About Franklin Women
Franklin Women is Australia’s only professional community dedicated to supporting the careers of women working across the health and medical research ecosystem.
Our vision is for a health and medical research sector where women thrive.

We hope to achieve this by:

building a community of like-minded individuals and organisations, offering support and networking opportunities
introducing and advocating for initiatives that address barriers faced by women in health and medical research careers
providing professional development and training opportunities in important skills outside of the technical sciences
showcasing talented women in the field, their diverse career pathways and the impact of their work

To do all this, we are going about things a bit differently. Unlike many organisations in the health and medical research space, Franklin Women is not a charity or not-for-profit. We are a for-profit social enterprise. This means we aim to derive income from business activities to bring about some social good – investing in our members!

We believe that keeping women in health and medical research related careers is something worth investing in. We hope you will get a lot out of being a part of Franklin Women but also feel good about supporting the cause.

We live by our guiding values of being innovative, influential, inclusive, and inspiring!

Our team

Dr Melina Georgousakis

Dr Melina Georgousakis

Founder, Franklin Women
Research and Policy Manager, Bupa Health Foundation

Email: melina@franklinwomen.com.au

Website: www.bupa.com

Dr Sarah Frost

Dr Sarah Frost

Events and Initiatives Lead, Franklin Women

Completed PhD within the Molecular Oncology Group, Children’s Cancer Research Unit, The Kid’s Research Institute 

Email: Sarah@franklinwomen.com.au

Haitian Jin (Helena)

Haitian Jin (Helena)

Accounts and Administration Officer, Franklin Women
Student, Diploma of Specialised Bowen Therapy, Bowen Training Australia

Email:  helena@franklinwomen.com.au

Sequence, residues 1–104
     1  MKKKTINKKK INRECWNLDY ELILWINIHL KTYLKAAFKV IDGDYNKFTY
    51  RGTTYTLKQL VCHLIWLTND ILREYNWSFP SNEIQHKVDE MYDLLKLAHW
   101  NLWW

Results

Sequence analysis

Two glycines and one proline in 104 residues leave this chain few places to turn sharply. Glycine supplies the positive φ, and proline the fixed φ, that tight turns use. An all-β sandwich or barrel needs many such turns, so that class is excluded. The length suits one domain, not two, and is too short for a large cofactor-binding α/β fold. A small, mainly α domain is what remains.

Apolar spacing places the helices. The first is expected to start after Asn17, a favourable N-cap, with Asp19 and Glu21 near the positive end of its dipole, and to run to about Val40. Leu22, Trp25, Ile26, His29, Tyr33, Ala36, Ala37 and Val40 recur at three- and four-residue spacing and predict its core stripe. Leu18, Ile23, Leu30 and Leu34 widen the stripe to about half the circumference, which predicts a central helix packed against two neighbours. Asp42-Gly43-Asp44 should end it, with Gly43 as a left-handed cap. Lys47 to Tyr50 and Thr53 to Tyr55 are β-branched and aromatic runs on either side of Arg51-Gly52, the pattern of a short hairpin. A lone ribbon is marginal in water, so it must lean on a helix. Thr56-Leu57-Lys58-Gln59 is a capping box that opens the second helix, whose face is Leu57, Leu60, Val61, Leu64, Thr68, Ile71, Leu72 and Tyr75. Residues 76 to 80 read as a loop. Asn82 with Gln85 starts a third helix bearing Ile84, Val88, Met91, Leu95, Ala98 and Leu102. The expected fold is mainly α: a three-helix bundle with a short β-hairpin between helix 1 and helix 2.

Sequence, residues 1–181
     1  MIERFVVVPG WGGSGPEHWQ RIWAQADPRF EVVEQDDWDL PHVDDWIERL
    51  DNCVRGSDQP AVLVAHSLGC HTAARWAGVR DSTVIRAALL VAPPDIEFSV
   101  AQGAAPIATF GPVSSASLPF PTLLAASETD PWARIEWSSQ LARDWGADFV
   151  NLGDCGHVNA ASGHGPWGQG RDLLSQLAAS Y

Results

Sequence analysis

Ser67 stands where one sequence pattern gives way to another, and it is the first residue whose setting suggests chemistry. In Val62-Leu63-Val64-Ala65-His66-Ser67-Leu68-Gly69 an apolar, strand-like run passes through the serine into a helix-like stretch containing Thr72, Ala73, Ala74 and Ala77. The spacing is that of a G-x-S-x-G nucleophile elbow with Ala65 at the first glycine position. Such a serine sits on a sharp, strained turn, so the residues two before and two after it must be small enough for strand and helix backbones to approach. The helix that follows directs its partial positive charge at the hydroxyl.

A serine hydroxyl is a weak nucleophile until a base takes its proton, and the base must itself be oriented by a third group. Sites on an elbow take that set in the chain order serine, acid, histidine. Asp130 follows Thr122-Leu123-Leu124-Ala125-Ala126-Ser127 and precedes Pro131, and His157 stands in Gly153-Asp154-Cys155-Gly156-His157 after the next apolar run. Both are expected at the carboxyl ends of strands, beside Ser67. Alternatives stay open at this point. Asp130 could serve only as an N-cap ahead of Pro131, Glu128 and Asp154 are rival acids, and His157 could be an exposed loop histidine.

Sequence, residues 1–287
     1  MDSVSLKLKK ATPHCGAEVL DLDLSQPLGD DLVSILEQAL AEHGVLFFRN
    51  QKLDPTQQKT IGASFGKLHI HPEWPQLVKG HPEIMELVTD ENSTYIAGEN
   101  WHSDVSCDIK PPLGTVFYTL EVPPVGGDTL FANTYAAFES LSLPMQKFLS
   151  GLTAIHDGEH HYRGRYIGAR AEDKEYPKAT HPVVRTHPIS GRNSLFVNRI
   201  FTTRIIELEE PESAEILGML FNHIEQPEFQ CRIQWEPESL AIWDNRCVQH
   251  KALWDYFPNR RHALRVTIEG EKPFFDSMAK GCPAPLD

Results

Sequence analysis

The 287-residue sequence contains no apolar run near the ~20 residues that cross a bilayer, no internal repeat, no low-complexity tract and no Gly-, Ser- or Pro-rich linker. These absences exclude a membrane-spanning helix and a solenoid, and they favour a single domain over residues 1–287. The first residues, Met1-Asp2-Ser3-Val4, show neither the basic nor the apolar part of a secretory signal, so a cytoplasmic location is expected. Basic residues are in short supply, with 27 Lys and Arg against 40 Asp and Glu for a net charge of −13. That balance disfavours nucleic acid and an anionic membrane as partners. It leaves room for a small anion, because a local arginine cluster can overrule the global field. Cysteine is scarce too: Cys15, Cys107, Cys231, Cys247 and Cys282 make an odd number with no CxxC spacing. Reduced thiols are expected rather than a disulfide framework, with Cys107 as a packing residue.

Dr Amy Vassallo

Dr Amy Vassallo

Newsletter Curator, Franklin Women 

Research Fellow, Women’s Health Program, The George Institute for Global Health. Honorary Research Fellow, Sydney School of Public Health, Faculty of Medicine and Health, The University of Sydney

Email:  Amy@franklinwomen.com.au

Ms Harriet Swearman

Ms Harriet Swearman

Social Media, Franklin Women
Fertility AI Consultant at Harrison.ai

Dr Amalie Dyda

Dr Amalie Dyda

Peer Advisory Group, Franklin Women
Research Fellow/Lecturer, Australian Institute of Health Innovation/Department of Health Systems and Populations, Macquarie University

Website: www.aihi.mq.edu.au

A/Prof Anita Heywood

A/Prof Anita Heywood

Peer Advisory Group, Franklin Women

Website: www.research.unsw.edu.au

Dr Devanshi Seth

Dr Devanshi Seth

Peer Advisory Group, Franklin Women
HEAD, Alcoholic Liver Disease Program, Centenary Institute of Cancer Medicine and cell Biology. Clinical Associate Professor, Faculty of Medicine and Health, The University of Sydney

Website: www.centenary.org.au

Dr Holly Seale

Dr Holly Seale

Peer Advisory Group, Franklin Women
Senior Lecturer, School of Public Health and Community Medicine, University of New South Wales. Honorary Research Associate, Telethon Kids Institute.

Website: www.research.unsw.edu.au

Our why

There are several professional networks in Australia for women working in different industries, for example, business, IT and law. Just like in these industries, there are gender disparities across the Australian science sectors, including within the health and medical research sector. Yet, until Franklin Women, there was no independent professional community bringing together women working in this sector.